Safiyyah Syeed said she plans to enter the ring for her very first amateur fight later this year by sporting a traditional headscarf, a long-sleeved top and leggings.
The International Boxing Association (AIBA) last month lifted a ban on hijabs and other full-body uniforms that fighters wear for religious reasons.
Her illness meant she was often bedridden, particularly between the ages of 16 and 17, leading her weight to plummet to just four stones after eating just one banana a day.
But Ms Syeed’s fighting spirit is what got her through these tough times and she went on to enrol in a leadership program at university and to train twice a day at Bradford’s Lights Out Boxing Academy.
She said: “Boxing keeps me sane and keeps me happy, I absolutely love it.
“I started just for fun but I’ve really fallen in love with the sport.
“I was bit worried at first about being a hijabi girl going into a boxing gym. It’s not what people are used to.
“But everyone has been so nice and supportive. No one minds that I wear a hijab in the ring.
“It doesn’t affect my boxing at all, some people think it might make it hard to move but I forget I’m even wearing it.”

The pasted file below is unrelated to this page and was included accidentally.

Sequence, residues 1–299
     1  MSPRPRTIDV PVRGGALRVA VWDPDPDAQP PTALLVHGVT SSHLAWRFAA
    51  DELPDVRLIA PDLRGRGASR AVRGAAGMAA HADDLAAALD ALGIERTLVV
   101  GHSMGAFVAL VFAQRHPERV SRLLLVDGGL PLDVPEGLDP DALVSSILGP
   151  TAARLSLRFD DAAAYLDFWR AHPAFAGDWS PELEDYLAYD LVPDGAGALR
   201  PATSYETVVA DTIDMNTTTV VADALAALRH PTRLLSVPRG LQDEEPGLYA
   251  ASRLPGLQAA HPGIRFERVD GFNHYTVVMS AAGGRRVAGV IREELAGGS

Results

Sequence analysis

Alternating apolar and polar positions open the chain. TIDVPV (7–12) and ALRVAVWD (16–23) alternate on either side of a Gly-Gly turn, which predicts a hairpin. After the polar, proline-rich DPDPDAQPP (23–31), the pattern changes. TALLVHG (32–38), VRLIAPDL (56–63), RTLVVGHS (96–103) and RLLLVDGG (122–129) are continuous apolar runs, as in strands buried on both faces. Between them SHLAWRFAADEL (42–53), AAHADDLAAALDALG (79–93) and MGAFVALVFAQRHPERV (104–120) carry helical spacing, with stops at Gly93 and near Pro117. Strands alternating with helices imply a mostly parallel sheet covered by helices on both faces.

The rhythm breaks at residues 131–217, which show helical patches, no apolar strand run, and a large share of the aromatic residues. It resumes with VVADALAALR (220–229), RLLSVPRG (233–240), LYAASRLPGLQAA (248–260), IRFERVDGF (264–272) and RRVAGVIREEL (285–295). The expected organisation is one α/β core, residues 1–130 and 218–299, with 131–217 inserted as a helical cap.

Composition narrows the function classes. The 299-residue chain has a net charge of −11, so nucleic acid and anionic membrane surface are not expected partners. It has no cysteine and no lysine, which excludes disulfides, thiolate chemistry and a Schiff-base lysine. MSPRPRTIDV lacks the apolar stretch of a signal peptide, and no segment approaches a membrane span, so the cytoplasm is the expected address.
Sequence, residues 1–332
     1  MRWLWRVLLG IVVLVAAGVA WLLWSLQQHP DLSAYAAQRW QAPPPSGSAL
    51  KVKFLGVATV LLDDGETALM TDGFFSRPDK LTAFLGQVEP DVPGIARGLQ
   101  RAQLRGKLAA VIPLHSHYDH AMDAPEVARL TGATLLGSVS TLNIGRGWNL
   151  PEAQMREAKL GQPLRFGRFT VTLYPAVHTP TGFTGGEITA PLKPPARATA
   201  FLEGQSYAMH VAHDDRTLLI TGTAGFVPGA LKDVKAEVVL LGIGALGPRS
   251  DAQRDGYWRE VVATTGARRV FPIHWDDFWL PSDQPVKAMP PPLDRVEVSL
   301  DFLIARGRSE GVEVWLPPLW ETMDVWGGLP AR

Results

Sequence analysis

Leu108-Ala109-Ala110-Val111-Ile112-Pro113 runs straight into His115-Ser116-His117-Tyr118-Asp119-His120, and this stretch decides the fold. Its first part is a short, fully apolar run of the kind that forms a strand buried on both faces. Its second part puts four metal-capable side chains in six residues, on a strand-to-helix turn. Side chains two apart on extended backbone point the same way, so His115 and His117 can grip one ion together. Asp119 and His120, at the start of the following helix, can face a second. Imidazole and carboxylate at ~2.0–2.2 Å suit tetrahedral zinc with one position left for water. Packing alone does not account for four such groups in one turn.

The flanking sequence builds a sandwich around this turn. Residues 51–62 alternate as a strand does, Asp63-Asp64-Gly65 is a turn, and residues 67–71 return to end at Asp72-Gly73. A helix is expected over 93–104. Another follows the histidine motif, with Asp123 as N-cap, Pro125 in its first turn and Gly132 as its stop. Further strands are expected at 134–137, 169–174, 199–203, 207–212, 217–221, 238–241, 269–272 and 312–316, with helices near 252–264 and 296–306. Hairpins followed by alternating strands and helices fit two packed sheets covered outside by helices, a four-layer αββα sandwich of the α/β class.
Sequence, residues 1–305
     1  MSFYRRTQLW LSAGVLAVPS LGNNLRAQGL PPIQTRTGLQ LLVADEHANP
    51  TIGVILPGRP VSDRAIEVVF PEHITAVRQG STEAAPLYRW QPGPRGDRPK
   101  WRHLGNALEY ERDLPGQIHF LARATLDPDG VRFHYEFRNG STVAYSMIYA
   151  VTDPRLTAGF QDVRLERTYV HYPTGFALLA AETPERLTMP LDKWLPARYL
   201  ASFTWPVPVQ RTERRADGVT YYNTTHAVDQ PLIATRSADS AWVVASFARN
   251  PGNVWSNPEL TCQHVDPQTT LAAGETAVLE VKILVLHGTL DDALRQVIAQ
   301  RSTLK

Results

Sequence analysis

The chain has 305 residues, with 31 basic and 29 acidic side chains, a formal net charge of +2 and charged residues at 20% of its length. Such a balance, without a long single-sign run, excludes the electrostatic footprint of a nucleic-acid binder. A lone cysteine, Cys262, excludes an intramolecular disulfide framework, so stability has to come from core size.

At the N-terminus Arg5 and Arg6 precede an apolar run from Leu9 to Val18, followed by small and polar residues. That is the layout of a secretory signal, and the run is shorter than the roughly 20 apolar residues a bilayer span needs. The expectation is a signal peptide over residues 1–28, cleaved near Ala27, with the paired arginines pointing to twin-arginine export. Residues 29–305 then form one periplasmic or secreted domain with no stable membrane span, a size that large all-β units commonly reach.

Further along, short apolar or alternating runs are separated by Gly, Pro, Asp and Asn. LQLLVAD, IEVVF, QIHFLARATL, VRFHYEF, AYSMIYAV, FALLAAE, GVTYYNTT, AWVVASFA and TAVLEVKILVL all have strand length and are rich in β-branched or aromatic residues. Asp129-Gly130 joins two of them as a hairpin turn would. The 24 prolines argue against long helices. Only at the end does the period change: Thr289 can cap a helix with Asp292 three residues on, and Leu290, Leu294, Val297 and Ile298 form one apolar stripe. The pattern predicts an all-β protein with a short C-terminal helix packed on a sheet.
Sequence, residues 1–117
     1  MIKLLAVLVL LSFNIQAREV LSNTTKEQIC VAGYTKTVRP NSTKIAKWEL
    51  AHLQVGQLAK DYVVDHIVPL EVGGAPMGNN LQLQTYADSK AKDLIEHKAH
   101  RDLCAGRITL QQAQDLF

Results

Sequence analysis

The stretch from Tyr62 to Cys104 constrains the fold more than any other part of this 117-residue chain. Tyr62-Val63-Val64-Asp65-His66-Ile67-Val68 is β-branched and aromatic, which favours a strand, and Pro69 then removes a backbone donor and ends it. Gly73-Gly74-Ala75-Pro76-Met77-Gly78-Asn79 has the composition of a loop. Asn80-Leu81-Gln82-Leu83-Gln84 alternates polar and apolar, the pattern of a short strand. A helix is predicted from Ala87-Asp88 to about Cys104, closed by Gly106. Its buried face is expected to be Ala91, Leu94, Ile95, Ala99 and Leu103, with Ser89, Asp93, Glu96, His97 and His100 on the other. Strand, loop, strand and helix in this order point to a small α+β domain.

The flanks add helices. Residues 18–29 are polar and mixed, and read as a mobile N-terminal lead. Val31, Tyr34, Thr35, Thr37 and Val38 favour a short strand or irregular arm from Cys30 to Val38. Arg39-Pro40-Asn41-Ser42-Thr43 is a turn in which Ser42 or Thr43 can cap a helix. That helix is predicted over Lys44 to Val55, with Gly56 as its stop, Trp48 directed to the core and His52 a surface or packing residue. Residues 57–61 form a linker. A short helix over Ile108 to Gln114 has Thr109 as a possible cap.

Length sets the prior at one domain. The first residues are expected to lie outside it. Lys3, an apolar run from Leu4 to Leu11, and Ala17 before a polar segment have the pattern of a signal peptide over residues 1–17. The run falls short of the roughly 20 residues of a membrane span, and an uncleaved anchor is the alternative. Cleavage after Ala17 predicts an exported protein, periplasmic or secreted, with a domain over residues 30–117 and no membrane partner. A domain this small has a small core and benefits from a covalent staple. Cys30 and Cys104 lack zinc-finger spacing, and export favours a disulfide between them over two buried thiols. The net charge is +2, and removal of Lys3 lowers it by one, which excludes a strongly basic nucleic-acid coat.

Ms Syeed, who volunteers at a mental health charity, spars with both men and women during training.
“I remember the first guy I sparred with, he wound me up,” she added. “He didn’t realise he had done it because I hid it after advice from my coach who has said ‘don’t show any emotion’.
“They don’t go easy on me but I always say ‘just because I’m a girl, don’t think anything different of me’.”
Looking back on the days when she had to fight for her health, Ms Syeed said ”I missed going out with my friends and my school prom.
“All my friends were getting ready to go to college and move on with their lives and I was in bed. I decided that two years of being ill was enough.
“I wrote a list of things that I wanted to do with my life like start a YouTube channel and go sky diving.
“Boxing was on the list and as soon as I felt strong enough, I started doing it.”
She added: “I want to show people that mental health problems don’t have to hold you back. If you put your mind to it you can do anything.”
The decision to allow female boxers to wear hijabs at international competitions for religious reasons was announced at the AIBA Executive Committee meeting in Istanbul, Turkey in early February.
Restrictions on wearing a hijab while competing in boxing has been an ongoing issue in boxing affecting many female Muslim boxers.
The ban had prevented Amaiya Zafar, an 18-year-old boxer from Oakdale, Minnesota in the United States, from competing at international level.
It also excluded her from qualifying in the 2020 Olympics, but the rule change will now allow her to attempt to become an Olympian in 2024.
Ms Syeed said she too has set her sights on competing at the Olympic Games.
She added: “My ultimate goal is to compete at the Olympics. Obviously that’s the ultimate, but I’m nowhere near that level yet.
“In any case, I do want to set my sights high.”